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Hatchling Leopard Tortoise Care Sheet






















































Leopard Tortoise hatchling care sheet

Temperature
Hatchlings enter the world during the peak season for them to develop quickly. In the wild this is managed by something called diapause. The eggs will sit in stasis until temperatures are ideal for incubation.

In captivity we should do our best to replicate this season for at least the first 6 months, but ideally during the entire time the Tortoise is rapidly developing (1-3 years depending on the species) before exposing them to harsher natural conditions.

Keeping your hatchling tortoise in an enclosure with 78-84° fahrenheit as an ambient temperature is ideal.

You will also want to provide a localized basking area of around 95-100°F.

Remember thermostats and temperature guns are your friend and worth the money.

Humidity & hydration

Tortoises spend the bulk of their younger years in burrows, leaf litter and detritus. These are all humid microhabitats and absolutely necessary for proper hydration which is a prerequisite for healthy shell formation.

You want to use minimal ventilation in your enclosure, so as to retain humidity. Finding a balancing act of 75%+ sustained humidity while having fairly dry surface areas is the sweet spot. If your substrate is soggy, wet or saturated your tortoise will suffer. Avoid materials in the enclosure prone to fungal and bacterial growth (like grapewood for instance). Stick with coco fiber, cypress mulch or peat for the substrate choices.

A layer of leaf litter, a drainage layer below, live plants etc …. Are all optional.

Giving your tortoise a dark, small area with slightly elevated humidity is ideal. Hide boxes with sphagnum moss, cork bark flats set as lean to's can accomplish this.

Soaking your tortoise in shallow tepid water, ideally in direct sunlight as frequently as every day will aid in hydration as well as defecation. This should be done at an absolute minimum twice per week regardless if natural sunlight is an option due to weather. A soak on the kitchen counter is superior to a skipped hydration session.

Lighting

Heat can be provided by under tank or radiant heat panels for ambient warmth.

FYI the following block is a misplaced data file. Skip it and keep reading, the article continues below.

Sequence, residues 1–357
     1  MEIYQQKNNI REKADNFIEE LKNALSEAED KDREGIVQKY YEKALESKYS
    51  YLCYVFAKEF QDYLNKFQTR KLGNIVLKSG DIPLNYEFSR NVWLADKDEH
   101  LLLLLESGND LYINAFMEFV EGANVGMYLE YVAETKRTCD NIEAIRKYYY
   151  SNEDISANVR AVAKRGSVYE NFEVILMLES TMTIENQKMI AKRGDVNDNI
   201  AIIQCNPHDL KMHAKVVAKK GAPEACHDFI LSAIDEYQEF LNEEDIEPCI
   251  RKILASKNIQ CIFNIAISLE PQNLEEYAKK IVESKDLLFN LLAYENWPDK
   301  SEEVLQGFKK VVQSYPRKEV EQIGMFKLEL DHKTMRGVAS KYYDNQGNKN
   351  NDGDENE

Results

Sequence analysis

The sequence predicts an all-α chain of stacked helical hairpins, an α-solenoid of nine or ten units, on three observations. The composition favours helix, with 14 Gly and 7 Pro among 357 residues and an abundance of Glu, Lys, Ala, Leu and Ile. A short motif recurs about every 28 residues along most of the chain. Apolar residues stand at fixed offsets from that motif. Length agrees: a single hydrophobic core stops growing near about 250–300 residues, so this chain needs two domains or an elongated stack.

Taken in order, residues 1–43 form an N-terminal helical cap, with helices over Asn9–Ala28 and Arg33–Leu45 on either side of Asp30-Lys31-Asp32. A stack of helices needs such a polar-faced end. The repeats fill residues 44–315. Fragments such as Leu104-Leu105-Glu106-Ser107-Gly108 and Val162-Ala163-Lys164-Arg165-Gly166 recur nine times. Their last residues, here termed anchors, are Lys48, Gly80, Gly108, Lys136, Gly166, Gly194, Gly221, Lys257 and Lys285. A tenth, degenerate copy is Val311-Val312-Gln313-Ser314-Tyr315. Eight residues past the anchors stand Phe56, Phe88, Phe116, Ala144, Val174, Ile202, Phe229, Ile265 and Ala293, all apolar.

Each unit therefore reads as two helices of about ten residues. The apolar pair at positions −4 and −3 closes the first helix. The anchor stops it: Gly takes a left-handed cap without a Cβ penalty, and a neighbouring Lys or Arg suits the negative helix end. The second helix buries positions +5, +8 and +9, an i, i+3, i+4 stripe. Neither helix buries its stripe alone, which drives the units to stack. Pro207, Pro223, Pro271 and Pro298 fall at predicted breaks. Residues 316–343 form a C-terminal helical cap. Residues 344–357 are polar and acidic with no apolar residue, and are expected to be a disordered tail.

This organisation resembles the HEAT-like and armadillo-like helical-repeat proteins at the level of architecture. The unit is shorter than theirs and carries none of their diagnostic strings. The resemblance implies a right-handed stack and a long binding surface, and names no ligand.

Basking is best done with an incandescent heat bulb, zoomed makes a reliable product.

UV: uv radiation is necessary for proper calcium uptate. A T5 10.0 bulb is in my opinion the best option. There are newer products which may, in time, prove superior… but I'll let other people prove those manufacturers right or wrong before gambling with my animals. I've done this long enough to see many new and exciting developments in husbandry and nutrition prove to be less effective than projected all the way down to harmful.

Supplementation:

Constant access to calcium is necessary. A cuttlebone is an inexpensive, easily accessible option for most people. I go through a substantial amount of calcium so I make my own calcium blocks. There are tutorials online for this. Its simple and inexpensive.

Multivitamin and mineral supplements. There is a medley of options on the market, few scientifically backed or tested. I suspect most vitamin supplements are safe and effective. I do know that repashy has a real animal nutritionist on his team assisting in development. I routinely rotate between options so as to not lean into any one supplement which may be lacking or including a potentially problematic ingredient. I supplement my tortoises food with multivitamins weekly as adults and twice per week for hatchlings. I would personally suggest buying 3 options and just rotating between them.

Nutrition:

Feed daily. Remove yesterday's food daily. Keep the enclosure clean and tidy.

Weeds are your friend. Grass, dandelion, clover etc… are all good nutritious food for a tortoise. So long as the source hasn't been sprayed with pesticides feel free to use as much as you like.

Store bought produce: spring mix, romaine, green leaf and red leaf lettuce are all fine staple ingredients. Focus on dark leafy greens. Occasional parboiled root vegetables and winter squashes are fine. Opuntia is a good nutritious staple as well.

Things to avoid: no fruit ever, spinach, iceberg lettuce and things like broccoli should never be fed.

Manufactured food: i use mazuri once per week. It is supplemented and safe to use, but a bit rich in protein to feed more often than once per week. Soaking it in cold water until soft is the best way to use it. It will turn to mush in hot water.

Dry grasses: once large enough dry timothy and orchard grass can be a suitable long term staple food.